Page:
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    Been following this. Nicolas Dellesale has reported all of the irreplaceable religious artifacts were all saved, including the Crown of Thorns. The basic structure has been saved as well as the full north belfrey. The south belfrey has been lightly damaged. The inside of the cathedral, including the altar as well as the stained glass has been pretty much destroyed.

    My understanding is the French Fire Brigade is one of the best in the world and they undoubtedly saved it from being totally destroyed.

    As of last check, no lives were lost and it looks as though it was an accident due to the restoration.
     
  7. Davis Sharp

    Davis Sharp Well-Known Member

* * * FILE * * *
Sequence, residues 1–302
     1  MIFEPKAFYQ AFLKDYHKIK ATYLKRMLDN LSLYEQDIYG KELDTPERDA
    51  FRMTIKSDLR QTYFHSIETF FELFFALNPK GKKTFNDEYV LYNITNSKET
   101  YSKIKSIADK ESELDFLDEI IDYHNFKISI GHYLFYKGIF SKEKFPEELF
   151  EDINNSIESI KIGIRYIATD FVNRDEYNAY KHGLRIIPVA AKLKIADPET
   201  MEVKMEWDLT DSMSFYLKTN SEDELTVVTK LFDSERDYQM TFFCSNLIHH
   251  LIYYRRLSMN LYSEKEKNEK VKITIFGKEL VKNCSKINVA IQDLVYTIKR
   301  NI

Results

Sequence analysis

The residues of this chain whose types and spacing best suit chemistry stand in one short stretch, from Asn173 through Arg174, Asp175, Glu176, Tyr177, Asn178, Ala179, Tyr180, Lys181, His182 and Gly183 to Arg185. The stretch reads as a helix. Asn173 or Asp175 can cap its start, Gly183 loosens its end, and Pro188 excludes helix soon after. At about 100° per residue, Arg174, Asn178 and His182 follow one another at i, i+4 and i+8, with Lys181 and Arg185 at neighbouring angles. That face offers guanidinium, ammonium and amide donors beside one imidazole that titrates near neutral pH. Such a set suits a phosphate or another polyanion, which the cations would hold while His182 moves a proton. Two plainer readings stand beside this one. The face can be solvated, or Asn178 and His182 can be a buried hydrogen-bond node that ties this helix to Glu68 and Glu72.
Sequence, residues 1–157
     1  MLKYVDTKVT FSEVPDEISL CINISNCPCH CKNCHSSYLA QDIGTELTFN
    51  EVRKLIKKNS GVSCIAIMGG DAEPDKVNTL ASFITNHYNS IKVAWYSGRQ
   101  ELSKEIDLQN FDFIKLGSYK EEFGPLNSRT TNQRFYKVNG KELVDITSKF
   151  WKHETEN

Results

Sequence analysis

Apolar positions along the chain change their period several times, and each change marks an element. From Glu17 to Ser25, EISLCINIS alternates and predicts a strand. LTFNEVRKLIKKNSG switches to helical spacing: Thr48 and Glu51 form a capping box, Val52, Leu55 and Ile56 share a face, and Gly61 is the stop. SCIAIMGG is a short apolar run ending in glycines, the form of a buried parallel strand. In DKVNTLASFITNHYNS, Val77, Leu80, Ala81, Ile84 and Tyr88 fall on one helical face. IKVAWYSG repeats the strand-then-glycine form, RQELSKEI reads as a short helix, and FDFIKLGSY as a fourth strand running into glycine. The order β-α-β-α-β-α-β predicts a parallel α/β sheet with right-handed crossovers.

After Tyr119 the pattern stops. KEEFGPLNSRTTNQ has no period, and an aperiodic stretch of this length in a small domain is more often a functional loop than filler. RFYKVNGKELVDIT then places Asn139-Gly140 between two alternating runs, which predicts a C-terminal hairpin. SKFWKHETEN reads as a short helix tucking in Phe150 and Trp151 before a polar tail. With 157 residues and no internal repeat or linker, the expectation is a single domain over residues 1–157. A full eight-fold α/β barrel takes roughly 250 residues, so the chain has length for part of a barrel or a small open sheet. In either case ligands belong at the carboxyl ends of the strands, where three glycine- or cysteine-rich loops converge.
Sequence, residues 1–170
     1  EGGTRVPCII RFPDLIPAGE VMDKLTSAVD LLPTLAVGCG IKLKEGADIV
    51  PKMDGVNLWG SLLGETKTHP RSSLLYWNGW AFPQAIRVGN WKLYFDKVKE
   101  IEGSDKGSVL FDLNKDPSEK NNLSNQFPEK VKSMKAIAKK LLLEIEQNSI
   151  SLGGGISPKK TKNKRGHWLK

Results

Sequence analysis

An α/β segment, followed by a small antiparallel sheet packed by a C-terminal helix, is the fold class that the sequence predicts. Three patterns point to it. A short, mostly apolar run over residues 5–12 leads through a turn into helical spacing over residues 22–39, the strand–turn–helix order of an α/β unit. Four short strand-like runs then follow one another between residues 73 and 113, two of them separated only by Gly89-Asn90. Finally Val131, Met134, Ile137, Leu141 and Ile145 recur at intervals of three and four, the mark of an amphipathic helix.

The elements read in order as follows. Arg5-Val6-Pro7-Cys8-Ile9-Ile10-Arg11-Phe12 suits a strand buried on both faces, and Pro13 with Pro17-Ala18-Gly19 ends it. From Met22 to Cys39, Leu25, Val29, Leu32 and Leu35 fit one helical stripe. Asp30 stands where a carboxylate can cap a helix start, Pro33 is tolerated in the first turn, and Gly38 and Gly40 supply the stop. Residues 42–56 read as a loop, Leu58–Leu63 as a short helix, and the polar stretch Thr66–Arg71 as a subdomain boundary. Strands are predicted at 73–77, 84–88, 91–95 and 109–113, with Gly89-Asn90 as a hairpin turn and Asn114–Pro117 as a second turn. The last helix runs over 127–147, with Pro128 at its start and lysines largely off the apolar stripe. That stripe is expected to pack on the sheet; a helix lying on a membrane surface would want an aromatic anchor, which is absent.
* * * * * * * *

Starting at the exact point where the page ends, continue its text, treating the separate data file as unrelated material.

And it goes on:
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    I'm an atheist, so I don't place much (ahem) faith in the beliefs that the building represents, but it contains a lot of history and art. Here are some photos I took of the artifacts inside, and a few outside. I don't see how they could rescue the frieze and some of the statues in time. I hope they were not damaged.

    https://photos.app.goo.gl/JCo4UNZZ4BNJiFXu9
     
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  8. Digger

    Digger Well-Known Member

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    I’m an atheist too but that aside it has been a wonderful attraction in a city that has much to offer!

    Here they seem to be less willing to attribute the fire to a construction accident and I think that’s because there have been a chain of attacks on Catholic churches there in recent times.

    I guess that in a week we should have a better idea. I truly hope it was an accident.
     
  9. Otto99

    Otto99 Well-Known Member

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    It is a sad and tragic loss to history. All that scaffolding didn’t help.
     
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  10. Raiyn

    Raiyn Well-Known Member